Tippie Executive MBA Program Recognized in The Economist's Inaugural EMBA Ranking
This is the first year that The Economist has ranked Executive MBA programs, and the Tippie Executive MBA Program came in at #29 within the United States and #60 internationally.
"We've known that our Executive MBA Program is strong and this ranking helps demonstrate that against our peers," states Tippie Dean Sarah Fisher Gardial.
The Tippie Executive MBA Program is a full-service accelerated MBA program that caters to the needs of its busy professional students. The program is offered in both Iowa City and Des Moines, is taught by Iowa's world-class faculty, and includes an international seminar. The average student has 15+ years of work experience and ranges in age from 30 to 55. While some students pay for the program on their own, many are supported by their employers. In order to make it easier for these business leaders to earn their degree, the MBA staff handles all details for the program from registration to books and parking.
The next cohort of the Iowa City Executive MBA Program begins in August of 2013 while the Des Moines program begins in January 2014. The Iowa City program utilizes a schedule of one class per week (rotating between Fridays and Saturdays) while the Des Moines program’s classes are both Friday and Saturday of every other week (providing one week off between class sessions). Each program has no classes in the summer.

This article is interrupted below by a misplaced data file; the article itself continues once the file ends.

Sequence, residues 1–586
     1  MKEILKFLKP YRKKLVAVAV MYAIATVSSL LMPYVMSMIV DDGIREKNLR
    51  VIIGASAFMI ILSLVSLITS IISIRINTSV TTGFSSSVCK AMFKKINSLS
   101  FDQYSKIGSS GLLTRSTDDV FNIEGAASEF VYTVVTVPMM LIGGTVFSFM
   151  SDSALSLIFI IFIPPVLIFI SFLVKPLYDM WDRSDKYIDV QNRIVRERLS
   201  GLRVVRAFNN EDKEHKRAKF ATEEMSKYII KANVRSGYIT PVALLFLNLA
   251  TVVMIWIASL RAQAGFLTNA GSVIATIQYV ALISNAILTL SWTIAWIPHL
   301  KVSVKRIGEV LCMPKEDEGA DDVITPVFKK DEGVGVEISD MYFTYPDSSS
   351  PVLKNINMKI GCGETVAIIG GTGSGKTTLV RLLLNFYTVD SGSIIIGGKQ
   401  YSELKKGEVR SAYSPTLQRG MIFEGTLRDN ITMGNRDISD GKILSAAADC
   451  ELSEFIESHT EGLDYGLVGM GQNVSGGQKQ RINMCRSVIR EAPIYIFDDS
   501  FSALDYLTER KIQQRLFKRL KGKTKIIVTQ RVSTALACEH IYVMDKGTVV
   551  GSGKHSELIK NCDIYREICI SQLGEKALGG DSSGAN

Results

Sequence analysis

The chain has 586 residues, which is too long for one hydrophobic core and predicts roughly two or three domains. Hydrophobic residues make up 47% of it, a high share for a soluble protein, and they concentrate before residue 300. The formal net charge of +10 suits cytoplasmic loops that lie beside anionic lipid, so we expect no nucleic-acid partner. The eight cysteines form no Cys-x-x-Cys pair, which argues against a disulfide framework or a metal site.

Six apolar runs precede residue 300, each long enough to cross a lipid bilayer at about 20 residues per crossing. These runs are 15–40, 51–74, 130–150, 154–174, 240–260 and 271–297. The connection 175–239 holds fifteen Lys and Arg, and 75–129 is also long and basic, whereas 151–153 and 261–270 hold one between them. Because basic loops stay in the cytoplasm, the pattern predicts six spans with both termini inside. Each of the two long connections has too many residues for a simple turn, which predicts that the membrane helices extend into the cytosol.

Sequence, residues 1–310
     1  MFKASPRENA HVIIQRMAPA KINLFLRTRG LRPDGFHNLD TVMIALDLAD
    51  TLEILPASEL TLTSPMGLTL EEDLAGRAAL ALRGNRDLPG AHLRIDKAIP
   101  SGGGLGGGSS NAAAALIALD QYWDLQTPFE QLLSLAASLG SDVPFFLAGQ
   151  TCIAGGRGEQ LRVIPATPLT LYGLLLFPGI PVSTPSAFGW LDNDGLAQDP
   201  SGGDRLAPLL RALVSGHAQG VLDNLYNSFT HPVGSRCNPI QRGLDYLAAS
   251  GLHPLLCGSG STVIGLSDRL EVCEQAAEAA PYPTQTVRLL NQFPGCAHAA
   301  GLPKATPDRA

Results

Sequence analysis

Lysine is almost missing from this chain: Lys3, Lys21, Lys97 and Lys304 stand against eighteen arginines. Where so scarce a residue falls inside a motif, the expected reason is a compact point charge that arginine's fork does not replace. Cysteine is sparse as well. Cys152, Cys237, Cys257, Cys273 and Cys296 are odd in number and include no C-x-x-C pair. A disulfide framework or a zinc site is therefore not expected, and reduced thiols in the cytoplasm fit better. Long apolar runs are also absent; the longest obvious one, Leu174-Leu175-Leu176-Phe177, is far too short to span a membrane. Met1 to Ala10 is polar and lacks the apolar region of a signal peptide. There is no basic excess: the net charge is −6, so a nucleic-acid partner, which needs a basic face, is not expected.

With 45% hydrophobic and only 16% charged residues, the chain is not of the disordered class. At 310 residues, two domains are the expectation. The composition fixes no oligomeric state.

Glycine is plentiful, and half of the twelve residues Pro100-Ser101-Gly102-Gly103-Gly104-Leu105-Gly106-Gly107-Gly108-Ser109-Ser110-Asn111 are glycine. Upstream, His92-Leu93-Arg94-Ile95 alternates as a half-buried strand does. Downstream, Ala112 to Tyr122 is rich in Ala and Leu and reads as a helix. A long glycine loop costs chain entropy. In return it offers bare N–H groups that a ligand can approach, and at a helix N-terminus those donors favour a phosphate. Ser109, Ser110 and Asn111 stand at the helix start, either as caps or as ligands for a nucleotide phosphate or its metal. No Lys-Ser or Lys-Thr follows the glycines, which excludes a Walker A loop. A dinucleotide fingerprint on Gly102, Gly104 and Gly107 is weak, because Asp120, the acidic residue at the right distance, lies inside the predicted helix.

In addition, Iowa also offers an Executive Engineer Dual Master's Degree Program every 4-5 years. This program combines the Iowa Executive MBA degree with a Master's of Engineering Management from Iowa State University and takes 2½ years to complete (one semester longer than the standard program).
"Iowa's program has an excellent reputation and our alumni have gone on to impressive leadership positions," states Dawn Kluber, director of the Iowa Executive MBA Program. "We appreciate that The Economist ranking recognizes the strength of the program."
The ranking measures business schools on two broad criteria: personal development/educational experience and career development. Within these criteria, they looked at 27 criteria, including the quality of diversity of students, the quality of the faculty, the percentage of students who receive a promotion after they graduate, and the average salary increase graduates can expect. The data is a mixture of student-reported figures, student ratings, and data provided by the schools.
Contact: Barbara Thomas, Communications and External Relations, 319-335-2188